Notice what Paul commands here:  “rebuke them in the presence of all, so that the rest may stand in fear (v 20).  Due to their public leadership role and because of their substantial spiritual influence on people, the elders who continue to sin must be exposed publicly.  If the charges are supported by two or three witnesses, if they refuse to repent when confronted, then the issue must be brought to the entire church.  This step, while often extremely loaded and difficult, is important not only for the soul of the elders, but also for spiritual health of the entire body.  When Paul talks about the rest standing in fear, he means people will be spiritually woken up to how serious the care for their souls really is.  By slowly and appropriately addressing these issues, it does a number of important things in the life of a body: 

  • It shows them the serious consequences of sin
  • It reminds them of their own potential for error and sin
  • It causes them to be more discerning in the future regarding teaching and leadership
  • It creates a natural filter for future leaders
  • It affirms the significance of spiritual accountability
  • It demonstrates that the ultimate authority is the Word, not people

Notice how these last two points show up in verse 21:  21 In the presence of God and of Christ Jesus and of the elect angels I charge you to keep these rules without prejudging, doing nothing from partiality.”  Paul reminds Timothy about the spiritual authority behind what they are doing.  He cites the presence of God, Christ Jesus, and the elect angels.  He is elevating the seriousness of what is at stake and who is watching.  But he also talks about not prejudging or doing anything from partiality.  Timothy is not to move too quickly nor is he to be timid.  Great wisdom is needed here because there are dangers on either side, issues that can create enormous problems in any church.  On the one hand, not everything that is said about an elder should be believed.  They should be protected.  John Calvin said, “None are more exposed to slanders and insults than godly teacher.  They may perform their duties correctly and conscientiously, yet they never avoid a thousand criticisms.”[2]  On the other hand, there can be a real temptation to not address an issue at all or not to do so publicly and be guilty of partiality.  

One of the reasons we have an active feedback and evaluation process for all our pastors, including myself, is to be sure that blind-spots and weaknesses can be addressed.  We want to have some process to help each grow and change.  But there is another reason.  I think that people need to have the reassurance that no one gets a “free pass” when it comes to accountability.  I think people feel safe (appropriately so) when they know that there is a commitment to address issues without partiality. 

Elders are to be corrected carefully – not hastily nor apathetically.  The church is too important and the gospel too precious to neglect appropriate protection or rebuke.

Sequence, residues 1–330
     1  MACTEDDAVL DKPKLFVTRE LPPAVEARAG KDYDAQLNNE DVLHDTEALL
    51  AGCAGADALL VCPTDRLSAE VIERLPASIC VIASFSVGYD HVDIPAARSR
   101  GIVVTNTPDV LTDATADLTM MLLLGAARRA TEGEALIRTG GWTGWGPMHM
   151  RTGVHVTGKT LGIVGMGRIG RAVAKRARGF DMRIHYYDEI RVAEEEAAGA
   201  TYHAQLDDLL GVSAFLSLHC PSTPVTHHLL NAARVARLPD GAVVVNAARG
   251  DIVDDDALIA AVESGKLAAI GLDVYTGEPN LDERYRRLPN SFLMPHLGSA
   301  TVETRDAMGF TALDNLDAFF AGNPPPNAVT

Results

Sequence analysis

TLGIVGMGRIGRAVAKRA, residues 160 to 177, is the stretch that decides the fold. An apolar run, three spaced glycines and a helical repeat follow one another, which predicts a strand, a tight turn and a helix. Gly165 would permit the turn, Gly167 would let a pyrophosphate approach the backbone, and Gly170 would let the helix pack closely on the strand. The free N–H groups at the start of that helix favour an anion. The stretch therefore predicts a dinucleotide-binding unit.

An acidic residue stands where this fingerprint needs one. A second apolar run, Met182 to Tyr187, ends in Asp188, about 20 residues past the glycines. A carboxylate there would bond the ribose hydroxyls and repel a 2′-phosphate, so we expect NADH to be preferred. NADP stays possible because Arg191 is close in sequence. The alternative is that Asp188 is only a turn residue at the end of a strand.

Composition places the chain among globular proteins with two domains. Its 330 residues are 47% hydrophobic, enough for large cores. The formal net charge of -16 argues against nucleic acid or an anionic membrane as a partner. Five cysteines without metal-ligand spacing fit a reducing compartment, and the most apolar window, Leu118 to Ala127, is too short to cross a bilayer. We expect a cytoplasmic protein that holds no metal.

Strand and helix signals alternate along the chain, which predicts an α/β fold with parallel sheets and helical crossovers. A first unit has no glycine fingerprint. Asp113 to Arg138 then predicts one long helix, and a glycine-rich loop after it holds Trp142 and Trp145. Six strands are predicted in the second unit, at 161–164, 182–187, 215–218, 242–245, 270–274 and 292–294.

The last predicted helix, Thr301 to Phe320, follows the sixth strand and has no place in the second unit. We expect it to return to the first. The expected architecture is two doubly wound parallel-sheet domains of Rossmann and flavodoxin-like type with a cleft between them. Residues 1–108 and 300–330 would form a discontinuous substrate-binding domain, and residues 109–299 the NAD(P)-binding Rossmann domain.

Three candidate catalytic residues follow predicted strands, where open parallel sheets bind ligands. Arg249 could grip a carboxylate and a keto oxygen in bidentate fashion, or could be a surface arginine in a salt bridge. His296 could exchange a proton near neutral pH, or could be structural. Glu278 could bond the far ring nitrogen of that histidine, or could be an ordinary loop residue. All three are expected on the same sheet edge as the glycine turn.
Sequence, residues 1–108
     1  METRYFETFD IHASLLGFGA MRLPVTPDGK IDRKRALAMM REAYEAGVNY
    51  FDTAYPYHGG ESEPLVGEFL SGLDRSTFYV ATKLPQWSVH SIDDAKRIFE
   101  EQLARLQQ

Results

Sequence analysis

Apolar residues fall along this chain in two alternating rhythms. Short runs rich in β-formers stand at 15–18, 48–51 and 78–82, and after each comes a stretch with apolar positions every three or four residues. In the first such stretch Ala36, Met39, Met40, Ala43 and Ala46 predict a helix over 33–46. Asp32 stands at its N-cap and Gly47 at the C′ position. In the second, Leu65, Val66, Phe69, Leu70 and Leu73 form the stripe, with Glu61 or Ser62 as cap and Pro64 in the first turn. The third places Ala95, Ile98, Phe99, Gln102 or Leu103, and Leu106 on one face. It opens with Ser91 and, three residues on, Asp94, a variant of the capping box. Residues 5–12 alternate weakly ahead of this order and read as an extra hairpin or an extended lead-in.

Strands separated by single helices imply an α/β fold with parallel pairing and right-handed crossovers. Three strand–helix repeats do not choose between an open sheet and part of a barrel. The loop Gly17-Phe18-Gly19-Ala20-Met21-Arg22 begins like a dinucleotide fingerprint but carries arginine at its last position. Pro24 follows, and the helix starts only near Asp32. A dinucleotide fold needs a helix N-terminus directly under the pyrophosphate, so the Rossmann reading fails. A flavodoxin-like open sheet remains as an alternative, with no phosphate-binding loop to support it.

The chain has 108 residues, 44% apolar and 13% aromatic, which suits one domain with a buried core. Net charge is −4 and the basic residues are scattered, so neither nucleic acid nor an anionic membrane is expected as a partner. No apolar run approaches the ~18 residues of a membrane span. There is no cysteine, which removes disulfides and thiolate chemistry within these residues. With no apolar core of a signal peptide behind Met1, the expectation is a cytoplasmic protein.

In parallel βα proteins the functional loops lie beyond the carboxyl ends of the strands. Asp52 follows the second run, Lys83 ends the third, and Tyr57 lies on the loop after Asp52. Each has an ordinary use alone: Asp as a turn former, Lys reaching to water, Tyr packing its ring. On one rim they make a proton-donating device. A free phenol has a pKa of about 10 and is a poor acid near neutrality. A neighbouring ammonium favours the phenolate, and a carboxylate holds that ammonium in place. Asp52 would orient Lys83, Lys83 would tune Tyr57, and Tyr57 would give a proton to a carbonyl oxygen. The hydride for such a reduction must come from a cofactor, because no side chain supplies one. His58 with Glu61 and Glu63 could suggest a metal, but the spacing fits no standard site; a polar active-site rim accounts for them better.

3. Appoint them wisely (vv 22-25) 

The final way to care for those who care for the church is to be sure that the right people are appointed to positions of ministry leadership.  Timothy has to address the difficult problem of erring elders, but the long-term solution was to avoid this scenario by appointing the right people.  Therefore, Paul wisely warns him about the importance of being careful with guarding the gate. 

We hear this caution very clearly in verse 22:  “Do not be hasty in the laying on of hands, not take part in the sins of others; keep yourself pure.”  When Paul talks about “laying on of the hands,” he is referring to some kind of ordination or official appointment into ministry.  It refers to the moment when the elders prayed over a person for a ministry position, affirming that person’s gifts and qualifications.  It is one of the most important things that elders do.  And Paul warns Timothy about doing it hastily or too quickly.  As I’m sure you know, people are not always what they seem to be, and there can be real danger in giving a person the authority of spiritual leadership before they are really qualified.  That is why Paul gave so much detail in chapter 3 regarding the qualifications of elders. 

Further, this could have a negative personal effect on Timothy and his ministry.  He could be implicated by the sinful issues of others or he could be drawn into their sinful pursuits.  He could be guilty by association or be pulled into a regrettable situation.  Timothy needs to be pure.

However, in calling Timothy to be pure, he does not want Timothy to be guilty of the extreme asceticism of the false teachers.  Therefore, he adds a parenthetical statement in verse 23 about the appropriate use of wine – “no longer drink only water, but use a little win for the sake of your stomach and your frequent ailments.”  Notice how much must be balanced here!  He must remove bad leaders, appoint new ones, appoint people into the ministry - but not too quickly, work hard, take care of himself, use some wine - but not get drunk.